The design team will develop the gameplay mechanics, decide the characters’ abilities and create everything relating to the gameplay objectives and obstacles. This is no mean feat and how well a game plays is entirely down to the hard work they put into the creation, testing and adjustment of these elements. Things are often changed, altered, removed or added to over the course of a project’s development as a direct result of ongoing play-testing and a writer must be aware of this.
Working closely with the design team is vital because any changes, from large scale alterations to small tweaks, may have an impact on the story and how it is delivered.
For instance, the design team may want to make a substantial change to the player character. Originally designed as male, they want to be more inclusive and give the player the chance to choose the character’s gender. Now the writer will need to ensure that the story and any dialogue written will be appropriate to this change.
It is not a one way street, of course. The development of the story may well throw up narrative objectives that will work well as gameplay objectives, for example. It will then be the turn of the design team to work these into the overall game design in a seamless way.
Working together will not only be beneficial to the game but if it’s done well will fire up the creativity on both sides. But each party need to be open to the thoughts and ideas of the other.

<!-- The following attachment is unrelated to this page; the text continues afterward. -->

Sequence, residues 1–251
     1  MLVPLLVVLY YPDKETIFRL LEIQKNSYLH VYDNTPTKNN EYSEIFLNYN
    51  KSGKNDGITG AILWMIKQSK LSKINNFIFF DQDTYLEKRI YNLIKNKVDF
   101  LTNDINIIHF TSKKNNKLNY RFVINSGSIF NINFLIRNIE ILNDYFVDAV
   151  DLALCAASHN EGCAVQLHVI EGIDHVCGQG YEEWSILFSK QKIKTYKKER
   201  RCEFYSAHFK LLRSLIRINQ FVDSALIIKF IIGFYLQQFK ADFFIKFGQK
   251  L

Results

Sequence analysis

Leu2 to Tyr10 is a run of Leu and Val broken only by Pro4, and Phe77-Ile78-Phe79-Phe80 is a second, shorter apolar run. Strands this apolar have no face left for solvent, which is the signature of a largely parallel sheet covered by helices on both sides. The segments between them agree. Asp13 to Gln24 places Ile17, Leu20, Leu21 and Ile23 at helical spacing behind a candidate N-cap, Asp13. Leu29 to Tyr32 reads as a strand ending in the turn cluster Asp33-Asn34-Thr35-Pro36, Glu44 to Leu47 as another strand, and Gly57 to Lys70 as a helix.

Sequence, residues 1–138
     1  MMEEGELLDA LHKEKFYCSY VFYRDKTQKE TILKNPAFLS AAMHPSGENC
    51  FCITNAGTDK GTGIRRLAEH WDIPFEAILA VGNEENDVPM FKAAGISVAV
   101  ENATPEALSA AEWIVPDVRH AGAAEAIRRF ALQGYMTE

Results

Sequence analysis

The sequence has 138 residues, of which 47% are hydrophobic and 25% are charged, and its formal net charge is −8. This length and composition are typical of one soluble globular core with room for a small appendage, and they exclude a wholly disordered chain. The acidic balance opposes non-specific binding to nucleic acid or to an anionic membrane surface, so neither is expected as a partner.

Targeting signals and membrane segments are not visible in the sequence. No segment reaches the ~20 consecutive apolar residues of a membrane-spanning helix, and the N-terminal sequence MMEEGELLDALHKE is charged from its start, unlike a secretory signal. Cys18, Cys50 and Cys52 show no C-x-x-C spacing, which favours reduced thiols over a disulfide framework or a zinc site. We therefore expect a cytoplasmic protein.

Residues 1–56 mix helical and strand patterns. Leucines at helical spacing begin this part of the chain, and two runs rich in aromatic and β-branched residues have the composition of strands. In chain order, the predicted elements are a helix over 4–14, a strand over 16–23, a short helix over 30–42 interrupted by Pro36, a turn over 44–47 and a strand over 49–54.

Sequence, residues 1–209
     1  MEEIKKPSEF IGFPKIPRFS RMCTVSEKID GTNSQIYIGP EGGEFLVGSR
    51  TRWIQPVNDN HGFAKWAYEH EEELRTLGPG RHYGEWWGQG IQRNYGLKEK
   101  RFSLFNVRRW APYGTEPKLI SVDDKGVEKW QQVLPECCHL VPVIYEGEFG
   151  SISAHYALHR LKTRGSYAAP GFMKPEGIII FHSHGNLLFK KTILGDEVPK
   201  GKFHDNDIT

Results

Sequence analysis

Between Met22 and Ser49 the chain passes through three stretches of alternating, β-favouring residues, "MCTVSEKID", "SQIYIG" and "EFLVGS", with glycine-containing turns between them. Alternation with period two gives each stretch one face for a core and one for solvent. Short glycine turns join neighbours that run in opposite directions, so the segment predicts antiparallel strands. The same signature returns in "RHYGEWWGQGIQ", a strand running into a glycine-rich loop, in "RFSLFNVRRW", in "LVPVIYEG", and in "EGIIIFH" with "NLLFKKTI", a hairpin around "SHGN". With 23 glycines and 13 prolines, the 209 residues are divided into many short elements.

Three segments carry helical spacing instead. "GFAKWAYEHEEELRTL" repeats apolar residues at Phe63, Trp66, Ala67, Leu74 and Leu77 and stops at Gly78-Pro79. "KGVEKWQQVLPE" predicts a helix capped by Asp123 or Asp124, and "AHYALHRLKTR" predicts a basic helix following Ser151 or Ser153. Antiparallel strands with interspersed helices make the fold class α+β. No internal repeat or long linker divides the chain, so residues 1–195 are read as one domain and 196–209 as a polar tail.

Some writers like to keep themselves apart from the development process and some writers are kept apart from it by the people they have contact with, particularly if the writing role is a remote working one. But not knowing how the writer fits into the process can be detrimental to the project as a whole.
That’s not to say a writer should know the process in fine detail, because that can be distracting, but knowing the shape of the framework and how the writing is integrated into the development of the game can help your understanding of the big picture and how the characters, narrative and dialogue will fit into this in a cohesive manner.
Only when you learn how the development process works can you appreciate the complex nature of making games and why they often take so long. But you may also be able to work with the team in ways that enable the efficient integration of the writing.
It’s also pretty exciting to see how all these different parts contribute and make it all come together into something rewarding.
As a writer it’s easy to think that the work you do has little direct connection to the work of the rest of the team. Even those who do appreciate the way games are made don’t always relate in the most beneficial way.
Understanding game design, specifically, is vital to a writer delivering the work that enhances the player’s interactive experience. From the moment-to-moment gameplay mechanics to the interface that conveys the story and character progressions, knowledge of these design aspects will feed into how you see the narrative and how it should unfold on the actions of the player.
I’m not trying to say that you should become a game designer or understand all the fine details, but an insight into game design will help you appreciate the narrative limitations and structures that various game styles place on the writer. And when you understand the parameters you must work within, you can work with the design team to deliver the narrative in the most creative way possible.
If, for example, you learn there will be no detailed facial expressions or even any voice acting, the way you approach the game’s dialogue will likely be very different to the way you’d do so if those things were incorporated.